Growth in house-building, commercial construction and civil engineering all contributed to a strong performance by the industry overall.
Adjusted for seasonal influences, the IHS Markit/CIPS UK Construction Total Activity Index registered 61.7 in March 2021, up from 53.3 in February – the highest score since September 2014.
Housebuilding (scoring 64.0) was the best-performing category, with growth the fastest since July 2020, but commercial construction (62.7) and civil engineering (58.0) were not far behind and both at their highest since 2014.
Survey respondents often commented on the mobilisation of delayed projects, especially in areas such as hospitality, leisure, and office development. There were again reports of a boost from major infrastructure projects in March, as well as higher workloads due to greater spending on residential construction work and rising new home sales.
Improving client demand and contract awards on projects that had been put on hold earlier in the pandemic contributed to a steep upturn in new orders during March. Moreover, the rate of expansion accelerated to its fastest since September 2014.
Forthcoming new project starts spurred a solid rise in employment numbers, with the rate of job creation the strongest for over two years in March. Purchasing volumes were also up, in response to greater workloads, but waiting times for deliveries are getting worse. Around 41% of the survey panel reported longer delivery times from suppliers in March, while only 1% saw an improvement. Supply constraints and logistics issues were commonly reported by construction companies, especially for imported items. The result was the steepest increase in purchasing prices since August 2008.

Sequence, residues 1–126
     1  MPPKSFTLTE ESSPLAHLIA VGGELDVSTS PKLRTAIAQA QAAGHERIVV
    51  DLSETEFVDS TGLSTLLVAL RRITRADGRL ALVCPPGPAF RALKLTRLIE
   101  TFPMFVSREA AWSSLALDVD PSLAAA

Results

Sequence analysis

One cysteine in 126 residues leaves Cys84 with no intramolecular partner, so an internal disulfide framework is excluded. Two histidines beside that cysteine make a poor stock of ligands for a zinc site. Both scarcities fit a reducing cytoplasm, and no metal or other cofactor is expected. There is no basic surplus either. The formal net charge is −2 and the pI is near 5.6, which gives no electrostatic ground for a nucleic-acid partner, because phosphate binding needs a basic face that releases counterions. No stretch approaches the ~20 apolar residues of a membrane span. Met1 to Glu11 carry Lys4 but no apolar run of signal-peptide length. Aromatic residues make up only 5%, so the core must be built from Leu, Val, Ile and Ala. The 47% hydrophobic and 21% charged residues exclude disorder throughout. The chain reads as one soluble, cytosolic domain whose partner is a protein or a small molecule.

Meanwhile, the latest survey indicated confidence towards the year ahead outlook for construction activity. Growth projections were the most upbeat since June 2015, reflecting confidence in the UK economic outlook, the improving pandemic situation and pent up demand.
Tim Moore, economics director at IHS Markit, which compiles the survey, said: "March data revealed a surge in UK construction output as the recovery broadened out from house building to commercial work and civil engineering. Total activity expanded to the greatest extent for six-and-a-half years as residential spending remained robust, commercial projects restarted and infrastructure contract awards moved ahead.
"Improving confidence among clients in the commercial segment was a key driver of growth, with development activity rebounding in sectors of the economy set to benefit the most from the improving pandemic situation. The increasingly optimistic UK economic outlook has created a halo effect on construction demand and the perceived viability of new projects.
"Constrained supplier capacity and stretched transport availability continued to pose challenges for the construction sector in March. Short supply of products and materials pushed up purchase prices at the fastest rate since August 2008.
"Continued pressures on supply chains are expected in the near-term, but these concerns did little to dampen confidence about the business outlook. The latest survey pointed to the strongest growth projections across the UK construction sector since those reported during a post-election bounce back in June 2015."
Duncan Brock, group director at the Chartered Institute of Procurement & Supply, which sponsors the survey, added: "Construction was full of the joys of spring in March with a sudden leap into solid growth fuelled by across the board rises in workloads in all sectors. The commercial pipeline was particularly spectacular giving its best performance since late-2014.
"This upturn led to a significant boost in hiring levels with the fastest upturn in job creation since December 2018 offering a clear sign that companies are feeling more positive in planning for new builds and refurbishments of current properties.
"Business confidence was also standing tall with future optimism about the next 12 months the highest since June 2015 which suggests it is mostly plain sailing now that lockdowns are ending and vaccine programmes are underway. The unfortunate spanner in the works comes in the form of the steepest inflationary rise in raw materials and other construction items since August 2008 at the height of the last commodity price cycle. Supply chains are still underperforming and almost half of the survey respondents said they had experienced longer delays and higher costs. If this continues, it could easily cool the sector down a notch."